Hey there everyone, and welcome back to 24th instalment of The Rogue Report!
It’s been a little while, but last time I promised to take a look at something more competitive for the current Modern PPTQ season. That’s why this week, I’m taking a look at Colourless Eldrazi Aggro, an interesting hybrid of powerful aggro creatures and disruptive elements.
My personal choice for PPTQ season has been Burn, but the results have been less than I’d hoped. I was able to Top 8 a 71 player PPTQ with Burn, and went 3-3 in Swiss in the other two I played. I switched to Tron for one and 4-2’d, but missed out with poor tie-breakers. Living End, although my pet deck, felt like a horrible choice and secured a solid 2-3.
I’m not saying Colourless Eldrazi never crossed my mind, I just don’t have the experience yet to justify PPTQ’ing with it. Then I saw a Southern Ontario PPTQ-go’er, Michael F., playing the deck. Some of the deck’s draws are nearly unbeatable (Early Chalice of the Voids? Yay!!) and its pilot has the luxury of free mull-agains with Serum Powder.
What a neat card, huh? Don’t like this seven? Take another seven.
The best part about Serum Powder in this deck is that not only is it here to help fix your hands, but the wonder-powder also provides colourless through Blood Moon to continue to cast threats. Plus it provides casual ramp, and a great interaction with Eternal Scourge. If you don’t like a hand that has a Serum Powder in it, that’s fine. Ship it for another hand the same size. Did that hand have an Eternal Scourge in it? Great! Now you can cast the Eternal Scourge from exile, so it’s almost like you kind of drew an extra card off of that Serum Powder.
This brings me to the next little trick with this deck – using Gemstone Caverns. Picture this: your opponent is on the play. We started the game with a Gemstone Caverns in hand and an Eternal Scourge. As a pre-game effect, start the game with Gemstone Caverns in play with a luck counter on it, exiling Eternal Scourge. Turn one, we play an Eldrazi Temple, tap it and the Gemstone Caverns from turn 0, and either cast Eternal Scourge from exile (or from value-town, really) or another three-drop from hand such as Matter Reshaper.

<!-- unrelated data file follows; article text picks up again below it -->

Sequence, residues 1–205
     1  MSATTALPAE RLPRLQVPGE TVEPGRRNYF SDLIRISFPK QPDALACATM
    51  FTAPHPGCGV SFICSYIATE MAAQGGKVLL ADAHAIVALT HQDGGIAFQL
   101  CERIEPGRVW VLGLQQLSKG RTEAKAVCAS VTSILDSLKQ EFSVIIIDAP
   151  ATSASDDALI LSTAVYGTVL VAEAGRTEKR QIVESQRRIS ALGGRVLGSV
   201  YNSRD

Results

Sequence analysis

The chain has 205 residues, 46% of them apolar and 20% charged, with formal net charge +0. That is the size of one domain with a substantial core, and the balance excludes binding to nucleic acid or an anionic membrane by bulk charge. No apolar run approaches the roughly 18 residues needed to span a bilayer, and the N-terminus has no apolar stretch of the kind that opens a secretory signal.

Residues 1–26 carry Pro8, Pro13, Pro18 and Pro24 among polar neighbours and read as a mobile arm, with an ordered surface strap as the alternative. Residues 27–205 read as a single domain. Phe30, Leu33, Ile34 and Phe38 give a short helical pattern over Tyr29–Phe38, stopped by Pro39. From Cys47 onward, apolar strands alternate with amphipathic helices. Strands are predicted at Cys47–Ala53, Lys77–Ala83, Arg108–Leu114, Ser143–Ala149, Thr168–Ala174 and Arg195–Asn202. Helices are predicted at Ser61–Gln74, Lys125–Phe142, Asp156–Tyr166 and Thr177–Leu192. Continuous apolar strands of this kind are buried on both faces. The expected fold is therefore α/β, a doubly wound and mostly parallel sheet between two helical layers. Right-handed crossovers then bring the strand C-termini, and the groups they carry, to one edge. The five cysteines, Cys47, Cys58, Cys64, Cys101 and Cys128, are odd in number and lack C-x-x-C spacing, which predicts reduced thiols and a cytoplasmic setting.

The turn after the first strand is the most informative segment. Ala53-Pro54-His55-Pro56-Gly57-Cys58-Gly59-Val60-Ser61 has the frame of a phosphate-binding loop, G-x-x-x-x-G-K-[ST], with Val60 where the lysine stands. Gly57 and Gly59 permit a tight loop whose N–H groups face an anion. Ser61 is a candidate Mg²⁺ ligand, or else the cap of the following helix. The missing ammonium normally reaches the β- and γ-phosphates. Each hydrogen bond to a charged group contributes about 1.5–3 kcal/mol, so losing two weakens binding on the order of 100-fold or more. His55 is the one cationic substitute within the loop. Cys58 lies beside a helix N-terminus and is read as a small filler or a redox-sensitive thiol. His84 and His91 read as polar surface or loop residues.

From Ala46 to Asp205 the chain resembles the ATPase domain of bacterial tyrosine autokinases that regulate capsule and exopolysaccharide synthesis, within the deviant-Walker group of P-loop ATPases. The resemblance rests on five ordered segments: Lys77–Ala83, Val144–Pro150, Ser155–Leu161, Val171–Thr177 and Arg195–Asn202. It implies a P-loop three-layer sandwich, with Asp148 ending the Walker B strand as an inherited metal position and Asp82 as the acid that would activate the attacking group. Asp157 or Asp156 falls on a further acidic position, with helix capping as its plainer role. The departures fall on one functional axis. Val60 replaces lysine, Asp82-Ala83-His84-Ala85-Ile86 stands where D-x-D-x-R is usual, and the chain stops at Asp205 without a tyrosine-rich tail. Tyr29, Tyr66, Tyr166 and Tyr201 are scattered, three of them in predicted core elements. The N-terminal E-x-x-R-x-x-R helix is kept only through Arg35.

What a bunch of neat little tricks!
If those nuggets of great deck-building don’t impress you enough, how about some straight-up free wins?
I hear Chalice of the Void is a really strong magic card, so we’ll naturally run a four-set.
Without further ado, let’s take a look at an example of this colourless menace:
Jordan Boisvert’s Eldrazi Aggro – 1st Place SCG Classic Worcester
4 Blinkmoth Nexus
4 Eldrazi Temple
3 Gemstone Caverns
4 Ghost Quarter
2 Scavenger Grounds
2 Sea Gate Wreckage
2 Gut Shot
1 Pithing Needle
4 Ratchet Bomb
4 Relic of Progenitus
3 Spatial Contortion
1 Surgical Extraction
The deck has evolved a little bit over the past few sets, with the most notable addition probably being Zhalfirin Void. The deck is basically still the same though, and functions just like it used to.
If you have any interest in this archetype at all, I suggest acquainting yourself with the writings of Jordan Boisvert. Jordan’s a gnarly dude with some really great ideas and well thought out/laid out material. He’s a writer over at Modern Nexus and has written a TON of material on Colourless Eldrazi, as I believe he is the one who is responsible for “popularising” the deck.
Here’s a link to his article archive on Colorless Eldrazi Aggro: ModernNexus
This deck has definitely proven it can hang with the top contenders and has been known to sneak in to the top tables of a non-zero number of events. Blazing speed, very neat interactions and brutalising stompy-type creatures with a dash of disruption are the perfect marriage in this rogue strategy.
I promised I’d deliver some content on a deck that I’d personally be comfortable playing at a PPTQ, and this is a good example. As I said earlier, I just haven’t put in the matches with it yet to take it to a higher-level tournament. However, I do believe in the longevity and the power-level of this archetype. It’s one of the decks that I have that’s currently keeping itself sleeved, so that’s at least a decent sign.
The one thing about this deck is that it’s relatively difficult innovating on. The list is pretty tight and functional, but the card selection is limited and the sideboard options for this archetype feel VERY scarce. That’s something that could ultimately hurt the longevity of the deck.
As for now though, the Eldrazi monsters aren’t going anywhere. But really, not going anywhere.
If you happen to have an Eternal Scourge die to combat (it does happen), you can use Relic of Progenitus to target yourself, exile the Eternal Scourge, and then you’re able to cast it again! This thing will come back more times than 2Pac. For real.
For further knowledge, I VERY much recommend reading Jordan’s writing on the subject. He has a lot to offer and is the forerunner and pioneer of the Colourless Eldrazi Menace.
Until next time,
Thanks for stopping by and checking out the Rogue Report! Good luck this Modern PPTQ season, and let me know what you think of Colourless Eldrazi in the comments section below!
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